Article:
Excuse the essay, please. GL in May/June.
I'm not the OP but this was really motivating! I got Ds in my christmas mocks, and I felt a bit stressed about not having enough time to get AAA (which I need). Thanks!
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benwhite13
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(Original post by James_M4)
I got AAA in Maths, Bio and Chem last year.

Maths was comfortable as we was forced to do lots of papers months in advance + I had an A in AS Maths. Did 2/3 papers a few days before each Maths exam and got As in 2 and a high B in 1. Didn’t revise Maths otherwise from my study leave starting at the beginning of May. I could have definitely pushed an A* but I needed to focus on my other 2 subjects.

Chem and Bio were a whole different story.

I was predicted a C in Chem as consistently got C/D in every mock I sat - including a D/E in the Easter Mocks before my A2 Exams! I realised the severity of the task in front of me just as I started study leave. I spent a good 5+ hours a day throughout May and the start of June revising every module of AS and A Level Chem. I prioritised Paper 1 and ended up spending much more time revising the content of that exam, leaving me rushed for time revising for 2 and 3 in the two following weeks. I ended up getting 91/105 on the Paper 1 followed by lower scores on the other 2 exams. My Chemistry teacher was shocked on results day, and I ended up winning Chemist of the Year LOL.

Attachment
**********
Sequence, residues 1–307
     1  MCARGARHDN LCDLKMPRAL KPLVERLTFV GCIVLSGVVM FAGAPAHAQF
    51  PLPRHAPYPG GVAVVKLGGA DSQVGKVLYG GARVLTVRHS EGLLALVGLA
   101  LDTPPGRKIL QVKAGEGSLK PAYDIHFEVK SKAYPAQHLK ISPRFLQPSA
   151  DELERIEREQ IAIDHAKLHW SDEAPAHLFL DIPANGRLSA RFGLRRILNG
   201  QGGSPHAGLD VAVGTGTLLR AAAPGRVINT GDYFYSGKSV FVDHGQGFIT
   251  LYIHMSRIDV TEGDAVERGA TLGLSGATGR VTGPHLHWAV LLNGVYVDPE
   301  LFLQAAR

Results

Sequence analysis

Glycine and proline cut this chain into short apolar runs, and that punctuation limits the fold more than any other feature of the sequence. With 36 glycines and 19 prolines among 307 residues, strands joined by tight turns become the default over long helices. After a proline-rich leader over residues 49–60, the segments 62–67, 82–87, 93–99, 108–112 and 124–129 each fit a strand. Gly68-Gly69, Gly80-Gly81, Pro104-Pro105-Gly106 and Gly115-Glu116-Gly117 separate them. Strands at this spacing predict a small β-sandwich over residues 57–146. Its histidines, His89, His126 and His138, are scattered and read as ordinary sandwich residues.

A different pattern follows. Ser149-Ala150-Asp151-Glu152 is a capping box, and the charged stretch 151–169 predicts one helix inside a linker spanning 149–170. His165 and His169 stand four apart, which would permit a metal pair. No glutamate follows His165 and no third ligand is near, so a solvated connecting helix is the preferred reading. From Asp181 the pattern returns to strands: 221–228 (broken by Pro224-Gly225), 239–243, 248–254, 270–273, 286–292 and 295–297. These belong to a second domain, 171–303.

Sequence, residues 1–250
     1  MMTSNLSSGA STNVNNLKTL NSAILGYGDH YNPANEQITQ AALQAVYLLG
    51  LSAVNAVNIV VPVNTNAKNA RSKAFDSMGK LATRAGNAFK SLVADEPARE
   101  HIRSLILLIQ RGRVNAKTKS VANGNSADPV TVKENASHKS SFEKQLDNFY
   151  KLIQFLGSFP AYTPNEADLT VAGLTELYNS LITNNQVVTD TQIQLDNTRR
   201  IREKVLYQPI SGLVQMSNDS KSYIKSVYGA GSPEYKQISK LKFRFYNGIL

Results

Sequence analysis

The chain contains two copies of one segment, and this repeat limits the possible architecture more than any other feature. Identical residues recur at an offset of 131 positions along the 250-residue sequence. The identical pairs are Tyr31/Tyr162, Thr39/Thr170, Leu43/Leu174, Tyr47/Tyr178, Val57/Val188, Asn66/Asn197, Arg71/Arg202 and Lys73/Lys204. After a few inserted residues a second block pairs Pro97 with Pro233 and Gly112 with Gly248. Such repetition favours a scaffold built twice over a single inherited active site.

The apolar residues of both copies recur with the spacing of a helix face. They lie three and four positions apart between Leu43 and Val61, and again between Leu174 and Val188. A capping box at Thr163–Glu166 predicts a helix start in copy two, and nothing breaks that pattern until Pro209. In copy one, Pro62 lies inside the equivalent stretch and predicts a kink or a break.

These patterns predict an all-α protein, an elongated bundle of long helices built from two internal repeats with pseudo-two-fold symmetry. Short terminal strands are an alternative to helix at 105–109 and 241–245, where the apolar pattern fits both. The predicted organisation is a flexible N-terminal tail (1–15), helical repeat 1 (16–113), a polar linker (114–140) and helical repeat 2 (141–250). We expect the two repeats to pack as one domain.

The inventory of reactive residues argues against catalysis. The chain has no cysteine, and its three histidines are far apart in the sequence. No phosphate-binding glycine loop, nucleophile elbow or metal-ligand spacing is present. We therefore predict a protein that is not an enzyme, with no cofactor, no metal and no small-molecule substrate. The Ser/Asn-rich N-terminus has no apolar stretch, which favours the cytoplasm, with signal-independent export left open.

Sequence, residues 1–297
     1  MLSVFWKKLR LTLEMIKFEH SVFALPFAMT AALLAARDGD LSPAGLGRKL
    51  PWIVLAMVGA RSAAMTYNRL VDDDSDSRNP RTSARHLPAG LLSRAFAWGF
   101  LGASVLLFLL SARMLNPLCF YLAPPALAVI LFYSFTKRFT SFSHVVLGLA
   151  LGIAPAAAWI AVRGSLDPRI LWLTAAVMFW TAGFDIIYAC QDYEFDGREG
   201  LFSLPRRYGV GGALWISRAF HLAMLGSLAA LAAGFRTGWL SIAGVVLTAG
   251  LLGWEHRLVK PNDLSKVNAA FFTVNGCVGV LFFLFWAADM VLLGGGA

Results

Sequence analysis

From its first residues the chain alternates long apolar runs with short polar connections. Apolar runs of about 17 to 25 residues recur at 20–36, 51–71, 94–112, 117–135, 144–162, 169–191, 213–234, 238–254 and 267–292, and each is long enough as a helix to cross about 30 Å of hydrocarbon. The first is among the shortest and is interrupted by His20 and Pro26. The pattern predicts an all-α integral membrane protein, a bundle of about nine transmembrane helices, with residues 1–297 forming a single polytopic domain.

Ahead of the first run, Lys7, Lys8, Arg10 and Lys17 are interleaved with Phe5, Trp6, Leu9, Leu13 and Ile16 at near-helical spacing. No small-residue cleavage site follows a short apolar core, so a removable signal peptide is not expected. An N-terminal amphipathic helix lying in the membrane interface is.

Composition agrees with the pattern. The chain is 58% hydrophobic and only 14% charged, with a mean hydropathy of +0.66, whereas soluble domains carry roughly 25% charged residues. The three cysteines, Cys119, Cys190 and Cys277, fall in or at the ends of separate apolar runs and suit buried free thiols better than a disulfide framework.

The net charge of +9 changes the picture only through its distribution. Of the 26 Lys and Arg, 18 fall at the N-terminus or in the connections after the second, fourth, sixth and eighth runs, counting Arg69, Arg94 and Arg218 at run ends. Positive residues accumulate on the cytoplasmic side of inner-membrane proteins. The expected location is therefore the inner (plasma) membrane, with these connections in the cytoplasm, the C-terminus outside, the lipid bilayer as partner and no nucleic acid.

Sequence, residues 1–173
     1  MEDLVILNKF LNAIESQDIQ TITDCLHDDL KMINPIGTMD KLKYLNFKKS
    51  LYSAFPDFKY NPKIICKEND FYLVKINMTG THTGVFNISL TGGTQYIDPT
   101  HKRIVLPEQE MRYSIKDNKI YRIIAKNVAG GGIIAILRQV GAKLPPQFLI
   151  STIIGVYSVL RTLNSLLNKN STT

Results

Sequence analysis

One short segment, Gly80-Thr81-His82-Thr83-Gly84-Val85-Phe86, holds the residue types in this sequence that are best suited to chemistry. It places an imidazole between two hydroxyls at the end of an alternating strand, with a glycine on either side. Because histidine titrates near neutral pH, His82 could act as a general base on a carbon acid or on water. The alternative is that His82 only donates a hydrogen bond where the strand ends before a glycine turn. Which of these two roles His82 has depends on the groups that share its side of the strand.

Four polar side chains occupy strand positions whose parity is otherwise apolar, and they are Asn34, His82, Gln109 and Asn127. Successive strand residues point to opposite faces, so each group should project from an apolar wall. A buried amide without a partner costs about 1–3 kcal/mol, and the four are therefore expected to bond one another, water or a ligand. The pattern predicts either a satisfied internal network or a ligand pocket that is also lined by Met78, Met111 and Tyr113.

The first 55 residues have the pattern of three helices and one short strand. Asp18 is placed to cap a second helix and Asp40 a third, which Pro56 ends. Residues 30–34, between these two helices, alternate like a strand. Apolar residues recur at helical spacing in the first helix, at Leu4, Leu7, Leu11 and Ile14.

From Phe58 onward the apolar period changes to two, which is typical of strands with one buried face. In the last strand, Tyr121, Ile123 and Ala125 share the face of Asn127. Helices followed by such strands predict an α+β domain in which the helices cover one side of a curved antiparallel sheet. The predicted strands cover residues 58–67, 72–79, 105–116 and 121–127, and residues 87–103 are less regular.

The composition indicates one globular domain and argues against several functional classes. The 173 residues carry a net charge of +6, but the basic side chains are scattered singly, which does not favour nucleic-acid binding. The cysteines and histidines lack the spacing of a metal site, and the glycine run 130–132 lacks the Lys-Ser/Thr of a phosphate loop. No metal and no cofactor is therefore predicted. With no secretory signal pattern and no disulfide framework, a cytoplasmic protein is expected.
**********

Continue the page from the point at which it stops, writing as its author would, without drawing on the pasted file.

Now onto Bio. Over the course of the 2 years I’d consistently scored Bs and a few As on stronger topics. With Bio, we went back over topics done in AS throughout A2 as revision. When it came to study leave, I pretty much squeezed revision in anywhere I could when I was sick of doing Chemistry. It was a grind, past papers and practice papers helped a lot, and I ended up scraping an A by 1 mark.

I worked 2-3 shifts a week at work through 6th Form and didn’t have the energy most of the time to revise after school - so you quitting your job was a good move!

If I’m being completely honest, I wish I’d have realised how much work I needed to put in earlier on. Even 3-4 weeks revision for Paper 1 chemistry turned my grade from an E to an A*. If I’d have started revising this time last year I could’ve spent more time on P2 and P3 and maybe even got an A* in Chem! And wouldve spent more time on Bio and Maths and pushed for an A* in those 2. Funniest part is, once I started understanding Chem, it went from my most hated subject to my favourite and I enjoyed doing it - nerdy I know.

To add to the above, I was rejected from every uni for the course I wanted to do by April which demotivated me a lot. I turned it around however and am now on a gap year reapplying for uni!

My advice, start now and not in May. Spend more time doing subjects you find hardest as there’s no point revising things you know and are good at in other subjects. Past papers/question banks are such a good way to revise imo. When you see a topic you’re not doing well on, spend time on it.

Excuse the essay, please. GL in May/June.
thanks so much for taking the time to write this.